1934 Chevy 1/2-Ton
22 August 2005
Well, here's my 1934 Chevy 1/2-ton. I bought it back in March and have yet to begin work on it. My plans (for now) are to simply restore it back to original with a few possible exceptions for safety's sake.
I found it in Central Oregon and bought it from a friend of a friend. The guy I bought it from literally collects antique cars and trucks and uses them for yard ornaments. Some are in pretty bad shape, but I was able to save this one from a fate of slowly rusting out in some back pasture.
I first got in contact with the guy when I drove past his farm and noticed an old 1/2-ton for sale. I slammed on my brakes and pulled into his driveway. The caretaker of his property, which was as run down as much of his vehicle collection, let me take a look at the old truck. It turned out to be a 1935 International that he wanted $1,000 for. After considering where I'd be able to get parts for the thing, I passed and asked the old caretaker if the owner had any more old trucks for sale.
"Oh, heck yeah. At one time he had over 600 old vehicles scattered all over the place. He's sold most of 'em by now. Give him a call."
So I did. My first question was if he had any old Chevy 1/2-tons laying around. He told me he thought he might have one out in his farthest back pasture. I was free to go take a look and he told me how to get to it.
I was amazed. I drove past numerous old 1-ton, 1.5-ton and 1/2-ton "other" brands (Ford, Mercury, Chrysler) of trucks. Most, as I said, were in pretty sad shape. It's still sad to see some of those other trucks just sitting there, having played out there lives.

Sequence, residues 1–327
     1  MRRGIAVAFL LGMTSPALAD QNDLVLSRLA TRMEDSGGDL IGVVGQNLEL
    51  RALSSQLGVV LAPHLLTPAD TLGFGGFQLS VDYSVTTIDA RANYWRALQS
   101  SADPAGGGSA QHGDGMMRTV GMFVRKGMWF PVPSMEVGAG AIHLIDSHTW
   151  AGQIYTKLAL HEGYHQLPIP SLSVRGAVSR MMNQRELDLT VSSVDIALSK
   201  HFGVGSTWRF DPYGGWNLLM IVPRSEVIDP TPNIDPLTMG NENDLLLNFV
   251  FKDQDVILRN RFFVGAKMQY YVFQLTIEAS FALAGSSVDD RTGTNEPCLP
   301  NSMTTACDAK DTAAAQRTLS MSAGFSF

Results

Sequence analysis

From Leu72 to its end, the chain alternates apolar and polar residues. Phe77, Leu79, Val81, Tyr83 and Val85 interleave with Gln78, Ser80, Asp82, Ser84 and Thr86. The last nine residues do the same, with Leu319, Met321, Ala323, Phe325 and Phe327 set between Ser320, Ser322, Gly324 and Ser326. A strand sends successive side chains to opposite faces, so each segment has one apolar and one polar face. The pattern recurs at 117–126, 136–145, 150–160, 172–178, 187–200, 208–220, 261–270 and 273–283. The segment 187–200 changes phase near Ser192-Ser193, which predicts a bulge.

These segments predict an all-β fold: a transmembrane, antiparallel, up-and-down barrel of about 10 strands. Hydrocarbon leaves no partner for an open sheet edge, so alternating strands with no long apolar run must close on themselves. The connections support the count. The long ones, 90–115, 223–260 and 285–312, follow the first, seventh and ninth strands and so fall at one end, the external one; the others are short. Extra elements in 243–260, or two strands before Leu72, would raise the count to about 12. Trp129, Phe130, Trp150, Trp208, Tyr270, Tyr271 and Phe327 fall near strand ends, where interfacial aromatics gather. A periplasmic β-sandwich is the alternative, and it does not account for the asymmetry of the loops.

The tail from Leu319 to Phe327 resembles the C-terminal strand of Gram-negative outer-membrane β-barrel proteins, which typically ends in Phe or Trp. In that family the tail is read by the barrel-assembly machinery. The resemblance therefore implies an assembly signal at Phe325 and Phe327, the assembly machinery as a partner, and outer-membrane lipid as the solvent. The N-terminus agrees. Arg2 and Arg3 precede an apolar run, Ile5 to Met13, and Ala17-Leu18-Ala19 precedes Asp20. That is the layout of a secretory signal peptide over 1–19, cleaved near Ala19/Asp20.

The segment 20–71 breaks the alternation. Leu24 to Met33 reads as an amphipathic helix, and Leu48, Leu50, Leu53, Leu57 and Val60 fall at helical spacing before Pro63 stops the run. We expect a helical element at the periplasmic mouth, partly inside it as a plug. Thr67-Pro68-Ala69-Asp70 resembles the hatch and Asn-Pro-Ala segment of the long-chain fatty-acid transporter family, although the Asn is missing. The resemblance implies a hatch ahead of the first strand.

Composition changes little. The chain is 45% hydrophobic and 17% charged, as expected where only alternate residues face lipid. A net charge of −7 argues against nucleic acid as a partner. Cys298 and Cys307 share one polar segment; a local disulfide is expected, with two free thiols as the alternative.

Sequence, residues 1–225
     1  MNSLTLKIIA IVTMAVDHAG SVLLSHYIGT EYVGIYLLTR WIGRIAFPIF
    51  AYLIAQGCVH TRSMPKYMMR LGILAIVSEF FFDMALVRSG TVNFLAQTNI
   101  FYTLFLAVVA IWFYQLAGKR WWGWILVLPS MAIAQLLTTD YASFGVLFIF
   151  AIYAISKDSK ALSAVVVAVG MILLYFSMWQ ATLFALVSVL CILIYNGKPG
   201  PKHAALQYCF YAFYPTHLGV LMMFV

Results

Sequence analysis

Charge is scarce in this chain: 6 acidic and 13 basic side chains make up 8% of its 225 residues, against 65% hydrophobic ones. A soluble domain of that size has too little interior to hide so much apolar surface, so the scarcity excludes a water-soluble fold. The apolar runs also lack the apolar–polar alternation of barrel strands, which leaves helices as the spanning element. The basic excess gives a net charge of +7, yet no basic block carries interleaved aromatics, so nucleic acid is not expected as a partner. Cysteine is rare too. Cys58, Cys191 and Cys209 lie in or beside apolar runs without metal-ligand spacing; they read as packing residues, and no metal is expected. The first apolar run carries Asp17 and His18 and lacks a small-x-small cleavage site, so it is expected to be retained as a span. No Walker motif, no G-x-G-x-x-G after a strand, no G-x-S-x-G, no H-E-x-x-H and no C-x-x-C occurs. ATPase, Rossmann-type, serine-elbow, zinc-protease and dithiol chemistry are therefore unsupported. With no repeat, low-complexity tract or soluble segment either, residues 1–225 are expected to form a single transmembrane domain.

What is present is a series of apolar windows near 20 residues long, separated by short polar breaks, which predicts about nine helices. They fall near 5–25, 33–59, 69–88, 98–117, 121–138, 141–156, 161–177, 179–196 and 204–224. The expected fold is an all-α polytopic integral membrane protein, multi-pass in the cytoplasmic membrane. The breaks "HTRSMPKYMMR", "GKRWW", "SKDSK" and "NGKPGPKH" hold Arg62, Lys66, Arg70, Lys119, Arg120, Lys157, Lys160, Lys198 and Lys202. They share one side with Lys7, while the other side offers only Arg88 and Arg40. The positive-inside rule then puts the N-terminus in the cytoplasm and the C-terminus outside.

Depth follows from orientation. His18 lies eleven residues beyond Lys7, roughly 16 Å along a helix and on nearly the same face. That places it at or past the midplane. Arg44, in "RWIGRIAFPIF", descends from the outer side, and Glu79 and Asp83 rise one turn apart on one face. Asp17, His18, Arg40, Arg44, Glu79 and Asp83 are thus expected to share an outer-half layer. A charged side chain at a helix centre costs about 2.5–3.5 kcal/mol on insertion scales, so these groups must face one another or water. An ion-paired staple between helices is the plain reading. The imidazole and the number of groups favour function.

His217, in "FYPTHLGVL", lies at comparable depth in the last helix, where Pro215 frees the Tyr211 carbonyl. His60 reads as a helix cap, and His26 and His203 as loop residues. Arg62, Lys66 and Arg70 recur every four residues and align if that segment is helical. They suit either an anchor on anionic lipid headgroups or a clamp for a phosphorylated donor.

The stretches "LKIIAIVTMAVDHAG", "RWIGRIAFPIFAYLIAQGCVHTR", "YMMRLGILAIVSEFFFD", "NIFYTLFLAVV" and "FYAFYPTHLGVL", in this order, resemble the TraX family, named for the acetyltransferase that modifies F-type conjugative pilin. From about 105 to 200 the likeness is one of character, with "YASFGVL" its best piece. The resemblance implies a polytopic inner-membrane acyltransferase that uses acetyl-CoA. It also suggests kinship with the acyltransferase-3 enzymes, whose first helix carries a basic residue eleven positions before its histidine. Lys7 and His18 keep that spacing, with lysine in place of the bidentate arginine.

Finally, about a quarter mile back on an old dirt road to nowhere, I came to a cattle gate and I could see the truck, sitting off all alone, and hooked up to a really old horse trailer. I'll be you that horse trailer was at least 75 - 80 years old. All wood. So I negotiated the deal and hauled it home a few days later.
It's missing the radiator and the rear end had been swapped out for who-knows-what years ago. It wouldn't even roll. But those old tires held air, for the most part, and we were able to get it onto the trailer and unloaded it in my back field. I had to chain it to a tree and drive the trailer out from under it.
So there it sits, waiting for its turn at new life. The sheet metal is in remarkably good shape. The usual surface rust, but I've found no rust through anywhere so far. It seems really solid. All the cab wood needs to be replaced but it shouldn't be too bad, given the foundation I'll be starting with.
I'm just proud to be the one who saved this gem from where it was headed.
If anyone is interested in any of those other brands or anything else this guy has, just drop me a line. I took pictures of almost everything I saw and I can send them to anyone and they can get in touch with the guy. He's willing to sell just about anything.
Thanks for posting my truck in the Stovebolt Gallery.
"3 Girls' Dad"
Neil has a great 1940 GMC 1/2-ton long bed in the Gallery, too. ~~ Editor
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